Lemon Balm – “Of Many Virtues”

(Melissa officinalis – Lamiaceae)

melissa officinalis

Melissa officinalis, common name Lemon Balm, is also known as Melissa, Melissa Sweet Balm, Balm Mint, Garden Balm, and English Balm. Its botanical name, Melissa, in Greek means honeybee, and honeybees are certainly attracted to the highly fragrant herb. Melissa is a member of the mint family, Lamiaceae, and its similar appearance is often mistaken for mint. It has a citrusy aroma and taste as the common name indicates, and versatile uses include culinary, scent in household products, repellent for flies and mosquitos, among others. Its blossoms are light colored (white, pinkish, or slightly yellow), and its leaves are scalloped shaped similar to traditional mint leaves.

Common varieties of lemon balm include “Lime” and “Lemonella.”

Lemon Balm should not be confused with Bee Balm (Monarda sp.).

Care and Cultivation

Lemon balm is a hardy perennial that is easily grown in almost anywhere in the United States (and many other countries). Winters with temperatures below 20 degrees can kill a plant, but it is possible for Melissa to survive even those temps. For areas with colder winters, Melissa can be grown in containers and overwintered indoors.

Plant in mostly sunny position with some shade. If planted in area with too much sun, the leaves can be scorched, especially leaves that are more yellow colored. Sandy soil is ideal, as good drainage is essential, especially for wintering over. Melissa is resistant to drought, which adds to its easy nature.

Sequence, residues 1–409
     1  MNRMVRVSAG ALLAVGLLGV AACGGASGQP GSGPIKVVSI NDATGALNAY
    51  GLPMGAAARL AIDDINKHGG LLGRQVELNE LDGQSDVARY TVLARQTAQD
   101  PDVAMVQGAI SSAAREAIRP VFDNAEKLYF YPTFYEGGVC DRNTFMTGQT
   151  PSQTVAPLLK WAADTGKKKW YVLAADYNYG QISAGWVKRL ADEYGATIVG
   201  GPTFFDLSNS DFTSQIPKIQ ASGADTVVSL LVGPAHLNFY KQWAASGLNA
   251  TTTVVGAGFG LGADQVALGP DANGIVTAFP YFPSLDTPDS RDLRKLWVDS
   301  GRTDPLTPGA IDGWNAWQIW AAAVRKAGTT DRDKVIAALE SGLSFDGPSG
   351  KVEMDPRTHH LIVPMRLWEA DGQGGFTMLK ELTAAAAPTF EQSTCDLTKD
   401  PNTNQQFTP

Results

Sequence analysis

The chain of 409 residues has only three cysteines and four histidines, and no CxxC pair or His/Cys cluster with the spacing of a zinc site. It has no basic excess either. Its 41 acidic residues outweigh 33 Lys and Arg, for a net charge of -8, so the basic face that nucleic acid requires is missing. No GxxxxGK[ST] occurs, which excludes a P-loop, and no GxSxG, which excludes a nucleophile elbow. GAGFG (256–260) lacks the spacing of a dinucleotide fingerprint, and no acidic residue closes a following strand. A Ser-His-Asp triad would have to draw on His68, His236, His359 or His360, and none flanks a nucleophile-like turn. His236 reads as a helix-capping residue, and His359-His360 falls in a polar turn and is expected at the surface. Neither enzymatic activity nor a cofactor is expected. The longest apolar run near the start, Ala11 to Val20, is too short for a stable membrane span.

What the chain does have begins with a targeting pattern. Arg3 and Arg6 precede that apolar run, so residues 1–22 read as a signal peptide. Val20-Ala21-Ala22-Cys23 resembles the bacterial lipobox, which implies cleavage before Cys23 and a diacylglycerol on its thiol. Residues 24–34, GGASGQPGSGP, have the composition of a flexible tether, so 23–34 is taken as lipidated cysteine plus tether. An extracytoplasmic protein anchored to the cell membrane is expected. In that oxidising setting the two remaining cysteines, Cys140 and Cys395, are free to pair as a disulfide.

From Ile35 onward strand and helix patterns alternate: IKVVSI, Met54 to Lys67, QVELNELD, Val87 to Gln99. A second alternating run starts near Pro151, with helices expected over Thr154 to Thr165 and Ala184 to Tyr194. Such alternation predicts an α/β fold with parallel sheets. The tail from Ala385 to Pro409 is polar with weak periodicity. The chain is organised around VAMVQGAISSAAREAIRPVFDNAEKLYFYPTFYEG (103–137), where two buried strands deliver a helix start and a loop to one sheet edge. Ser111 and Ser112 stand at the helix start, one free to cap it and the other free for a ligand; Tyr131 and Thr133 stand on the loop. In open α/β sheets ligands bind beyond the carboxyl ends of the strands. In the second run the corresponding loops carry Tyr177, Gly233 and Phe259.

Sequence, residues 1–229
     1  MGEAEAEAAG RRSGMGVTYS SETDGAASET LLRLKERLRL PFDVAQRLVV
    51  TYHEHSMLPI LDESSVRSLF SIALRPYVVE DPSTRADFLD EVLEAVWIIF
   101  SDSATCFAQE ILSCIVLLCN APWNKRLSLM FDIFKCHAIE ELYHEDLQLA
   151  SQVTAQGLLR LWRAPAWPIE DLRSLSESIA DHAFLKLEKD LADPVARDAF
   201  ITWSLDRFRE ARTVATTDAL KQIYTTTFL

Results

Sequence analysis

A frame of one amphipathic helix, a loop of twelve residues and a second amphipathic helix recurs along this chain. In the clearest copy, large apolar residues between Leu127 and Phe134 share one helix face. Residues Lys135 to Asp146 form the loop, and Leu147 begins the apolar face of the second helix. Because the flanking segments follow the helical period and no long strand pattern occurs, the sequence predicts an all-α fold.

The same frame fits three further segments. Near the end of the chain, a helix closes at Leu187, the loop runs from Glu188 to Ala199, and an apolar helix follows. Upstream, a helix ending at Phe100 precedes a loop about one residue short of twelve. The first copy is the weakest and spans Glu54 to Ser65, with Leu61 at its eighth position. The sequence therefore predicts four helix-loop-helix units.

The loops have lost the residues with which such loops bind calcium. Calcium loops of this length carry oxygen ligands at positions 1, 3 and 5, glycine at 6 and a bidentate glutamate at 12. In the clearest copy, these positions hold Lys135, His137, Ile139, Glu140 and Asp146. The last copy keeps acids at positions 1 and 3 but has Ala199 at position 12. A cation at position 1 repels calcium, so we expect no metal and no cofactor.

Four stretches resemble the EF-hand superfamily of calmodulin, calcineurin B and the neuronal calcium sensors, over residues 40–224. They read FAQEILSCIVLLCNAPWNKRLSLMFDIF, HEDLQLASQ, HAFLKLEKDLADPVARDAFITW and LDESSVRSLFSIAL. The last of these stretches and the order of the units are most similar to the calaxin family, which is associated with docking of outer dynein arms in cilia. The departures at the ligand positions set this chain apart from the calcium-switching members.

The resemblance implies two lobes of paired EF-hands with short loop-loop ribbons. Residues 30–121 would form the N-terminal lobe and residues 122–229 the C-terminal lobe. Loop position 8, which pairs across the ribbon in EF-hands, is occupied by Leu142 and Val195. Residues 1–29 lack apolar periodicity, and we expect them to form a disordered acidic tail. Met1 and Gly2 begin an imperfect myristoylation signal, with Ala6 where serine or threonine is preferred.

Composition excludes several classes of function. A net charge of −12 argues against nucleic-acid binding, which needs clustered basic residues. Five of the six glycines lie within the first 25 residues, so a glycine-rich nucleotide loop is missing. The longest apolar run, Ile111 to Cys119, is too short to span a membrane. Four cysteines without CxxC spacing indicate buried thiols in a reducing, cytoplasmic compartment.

Propagation can be done by direct seed into pots or from cuttings. Seeds need direct light to germinate, so just pat into soil and don’t bury. It can be more difficult to directly seed in the ground due to this requirement, so starting in pots is recommended. Keep soil moist during the germination process. To propagate from cuttings, snip from new growth or soft wood, which means taking cuttings is best done in late spring and early summer. Use rooting hormone for best results. Place cuttings in pot with moist soil. It can be more difficult to directly seed in the ground due to this, so starting in pots is recommended.

According to Easy Growing: Organic Herbs and Edible Flowers from Small Spaces, variegated ‘Aurea’ and golden ‘All Gold’ are propagated by cuttings only, but those two varieties are not very common in North America.

To reduce competition, keep area weeded until plants are established.

Divide plants in spring or fall.

Lemon balm grows best in moist soil, but allow to dry out between waterings. If plant doesn’t get enough water, they can become tough and bitter. Fertilization isn’t necessary with lemon balm and when over done it can mean less flavor. Growing in a container is recommended if you don’t want it to spread in the garden, however any rogue wanderers are also easily removed. Lemon balm plants will typically grow to 24″-30″ in height with 18″ spread.

Companion plants to lemon balm include fruits, vegetables, and other herbs.

Harvest and Preservation

More to come.

Culinary And Other Uses

More to come.

See also Melissa Essential Oil.

Recipes and Ideas

  • More to come.

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